“Oh, you’re not getting this one,” he said, then offered samples once the residents’ laughter subsided.
He started on another recipe. “I heard we want some pink smoothies,” he said, spooning raspberries, blackberries, and strawberries into the blender. Then he added vanilla yogurt and a spoonful of peanut butter. “My wife loves a smoothie with peanut butter, but you don’t need too much of it,” he said. “It’s a powerful flavor, so don’t go crazy.” Then he poured in some almond milk and a packet of chocolate Vital Cuisine whey powder. “Strawberries and chocolate—we’ve heard of that before.” He mixed, poured out a taste, and pronounced it “yummy.”
After that, the Hope Lodge residents got up to make their own smoothies. DeSantis made it clear that there was no perfect recipe or combination of ingredients—anything goes, the patients could be creative and use the ingredients they liked best. The room began to buzz with the sounds of blenders and the patients talking over the noise about what ingredients they thought would work best in their concoctions. For many, it was the first time in a long time that they’d had any interest in preparing or tasting food.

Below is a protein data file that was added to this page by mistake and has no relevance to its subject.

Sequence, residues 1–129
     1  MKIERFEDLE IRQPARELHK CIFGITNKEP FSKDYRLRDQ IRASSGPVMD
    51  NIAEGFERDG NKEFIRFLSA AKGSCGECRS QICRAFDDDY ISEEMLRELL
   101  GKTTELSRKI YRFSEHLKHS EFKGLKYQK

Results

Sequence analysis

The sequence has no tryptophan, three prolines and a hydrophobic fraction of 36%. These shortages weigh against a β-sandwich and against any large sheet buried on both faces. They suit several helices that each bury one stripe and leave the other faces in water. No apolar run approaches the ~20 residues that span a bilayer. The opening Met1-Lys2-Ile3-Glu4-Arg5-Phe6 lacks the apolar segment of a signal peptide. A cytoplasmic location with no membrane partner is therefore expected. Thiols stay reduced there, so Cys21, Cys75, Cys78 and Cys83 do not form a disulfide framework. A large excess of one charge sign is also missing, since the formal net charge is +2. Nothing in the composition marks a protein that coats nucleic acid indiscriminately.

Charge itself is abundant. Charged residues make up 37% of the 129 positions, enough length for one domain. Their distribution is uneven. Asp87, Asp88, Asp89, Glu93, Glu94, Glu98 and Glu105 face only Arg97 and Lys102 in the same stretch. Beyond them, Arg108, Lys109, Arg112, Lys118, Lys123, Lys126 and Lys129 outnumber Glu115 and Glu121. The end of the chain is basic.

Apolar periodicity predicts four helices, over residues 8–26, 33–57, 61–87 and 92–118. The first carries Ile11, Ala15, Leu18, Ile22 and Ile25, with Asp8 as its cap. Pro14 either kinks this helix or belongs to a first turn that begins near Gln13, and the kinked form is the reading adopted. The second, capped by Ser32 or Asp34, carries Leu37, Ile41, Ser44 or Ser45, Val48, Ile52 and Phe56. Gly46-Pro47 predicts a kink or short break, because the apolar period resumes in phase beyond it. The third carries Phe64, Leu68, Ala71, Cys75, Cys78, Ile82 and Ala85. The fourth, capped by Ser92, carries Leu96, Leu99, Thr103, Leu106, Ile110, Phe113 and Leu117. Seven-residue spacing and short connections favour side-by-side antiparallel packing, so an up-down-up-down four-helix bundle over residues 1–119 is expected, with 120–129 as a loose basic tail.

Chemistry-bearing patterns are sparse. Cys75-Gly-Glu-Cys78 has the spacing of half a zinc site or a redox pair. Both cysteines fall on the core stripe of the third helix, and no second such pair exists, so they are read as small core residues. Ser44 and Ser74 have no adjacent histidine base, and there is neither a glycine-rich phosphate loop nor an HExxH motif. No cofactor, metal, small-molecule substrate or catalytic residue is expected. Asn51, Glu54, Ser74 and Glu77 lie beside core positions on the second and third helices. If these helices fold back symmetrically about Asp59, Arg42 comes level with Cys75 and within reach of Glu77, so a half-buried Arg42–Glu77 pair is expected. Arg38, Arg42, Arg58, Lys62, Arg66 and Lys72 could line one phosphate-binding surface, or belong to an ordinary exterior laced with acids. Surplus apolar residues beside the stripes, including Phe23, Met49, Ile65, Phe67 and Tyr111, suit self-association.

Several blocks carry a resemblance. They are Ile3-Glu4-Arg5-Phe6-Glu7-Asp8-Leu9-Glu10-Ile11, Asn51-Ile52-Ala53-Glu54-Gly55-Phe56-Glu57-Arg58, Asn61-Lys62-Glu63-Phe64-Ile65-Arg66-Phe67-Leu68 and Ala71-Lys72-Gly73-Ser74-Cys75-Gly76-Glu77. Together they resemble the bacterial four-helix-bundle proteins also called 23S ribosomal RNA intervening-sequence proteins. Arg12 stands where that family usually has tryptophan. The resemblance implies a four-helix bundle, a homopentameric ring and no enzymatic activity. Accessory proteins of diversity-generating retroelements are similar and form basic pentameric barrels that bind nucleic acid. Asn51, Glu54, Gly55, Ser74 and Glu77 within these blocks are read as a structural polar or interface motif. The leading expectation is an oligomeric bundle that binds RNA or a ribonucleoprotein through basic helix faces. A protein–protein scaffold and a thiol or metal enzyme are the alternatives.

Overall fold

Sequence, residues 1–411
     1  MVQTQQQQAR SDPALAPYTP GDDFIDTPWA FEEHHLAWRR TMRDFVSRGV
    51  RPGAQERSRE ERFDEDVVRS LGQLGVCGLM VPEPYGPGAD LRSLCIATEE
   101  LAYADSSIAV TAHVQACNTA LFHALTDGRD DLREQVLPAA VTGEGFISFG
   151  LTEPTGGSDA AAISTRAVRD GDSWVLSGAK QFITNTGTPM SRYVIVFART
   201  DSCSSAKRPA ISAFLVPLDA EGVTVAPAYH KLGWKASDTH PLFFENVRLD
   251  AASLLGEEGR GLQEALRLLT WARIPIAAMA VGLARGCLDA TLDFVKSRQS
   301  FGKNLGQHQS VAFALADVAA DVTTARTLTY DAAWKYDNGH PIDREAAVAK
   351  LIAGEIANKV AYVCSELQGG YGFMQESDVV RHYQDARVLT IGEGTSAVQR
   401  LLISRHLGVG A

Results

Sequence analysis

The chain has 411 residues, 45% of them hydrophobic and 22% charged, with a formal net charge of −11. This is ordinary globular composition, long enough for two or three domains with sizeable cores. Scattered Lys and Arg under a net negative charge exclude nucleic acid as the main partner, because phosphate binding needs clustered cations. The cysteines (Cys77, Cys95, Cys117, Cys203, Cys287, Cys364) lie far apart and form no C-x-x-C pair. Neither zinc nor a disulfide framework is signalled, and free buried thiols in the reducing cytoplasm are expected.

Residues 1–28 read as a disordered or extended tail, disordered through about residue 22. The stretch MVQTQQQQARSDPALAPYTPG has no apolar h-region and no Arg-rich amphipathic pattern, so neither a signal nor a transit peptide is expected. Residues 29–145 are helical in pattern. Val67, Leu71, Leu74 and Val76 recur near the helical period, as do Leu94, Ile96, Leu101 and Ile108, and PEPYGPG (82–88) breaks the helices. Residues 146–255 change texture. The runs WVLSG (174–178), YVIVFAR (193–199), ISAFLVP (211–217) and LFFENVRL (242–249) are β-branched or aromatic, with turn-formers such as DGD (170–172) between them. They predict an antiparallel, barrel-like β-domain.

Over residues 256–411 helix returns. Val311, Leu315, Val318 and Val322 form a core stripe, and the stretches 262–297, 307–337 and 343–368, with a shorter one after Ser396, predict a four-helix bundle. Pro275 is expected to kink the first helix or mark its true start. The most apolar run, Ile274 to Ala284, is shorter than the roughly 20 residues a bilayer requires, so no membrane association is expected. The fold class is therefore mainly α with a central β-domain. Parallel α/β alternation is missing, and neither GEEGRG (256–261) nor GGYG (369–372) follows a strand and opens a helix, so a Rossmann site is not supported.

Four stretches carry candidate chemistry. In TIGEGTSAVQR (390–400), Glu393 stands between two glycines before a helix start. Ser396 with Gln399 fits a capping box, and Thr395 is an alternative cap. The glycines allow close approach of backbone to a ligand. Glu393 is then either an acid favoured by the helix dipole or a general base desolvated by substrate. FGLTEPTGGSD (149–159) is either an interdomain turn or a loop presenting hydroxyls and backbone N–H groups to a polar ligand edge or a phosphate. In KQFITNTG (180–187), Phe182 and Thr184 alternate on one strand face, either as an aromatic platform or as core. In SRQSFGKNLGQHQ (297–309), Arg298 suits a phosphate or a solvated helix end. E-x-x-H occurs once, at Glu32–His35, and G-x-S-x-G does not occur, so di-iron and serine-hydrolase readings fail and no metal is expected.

One patient, Silvia, sipped her smoothie. “These milkshakes are fantastic,” she said. “They give you your energy back, and they go down easily.” She, too, had had trouble eating when she was going through chemotherapy.
“I always had this bitter metallic taste in my mouth. Everything tasted like lead, like metal. I was losing weight and had no energy.” Sylvia said she wished she’d had Vital Cuisine when she was going through treatment. “If you don’t have an appetite, you don’t want to go to the store to buy food. I would’ve loved to have had those packets of food. I would’ve eaten those during treatment.”
If you don’t have an appetite, you don’t want to go to the store to buy food. I would’ve loved to have had those packets of food. I would’ve eaten those during treatment.
For the Vital Cuisine and ACS Hope Lodge teams, the fact that the patients enjoyed making and drinking the smoothies affirmed what they’d been trying to do, to tailor products to cancer patients to help support and sustain them along their difficult journeys. As Hormel donates thousands of Vital Cuisine products to Hope Lodges around the country, cancer patients will be able to make many more varieties of delicious protein-packed smoothies to help give them the energy and nutrition they need to fight their disease.
Along with events like this cooking demonstration, Vital Cuisine, in partnership with the ACS, is sponsoring various Relay for Life and Making Strides Against Breast Cancer events from coast to coast.
After the cooking demonstration, Diane said she enjoyed making her smoothie. “This one is good—mango, banana, pineapple, and Nutella,” which she’d mixed with chocolate Vital Cuisine powder. She sipped and smiled. “I can taste this.”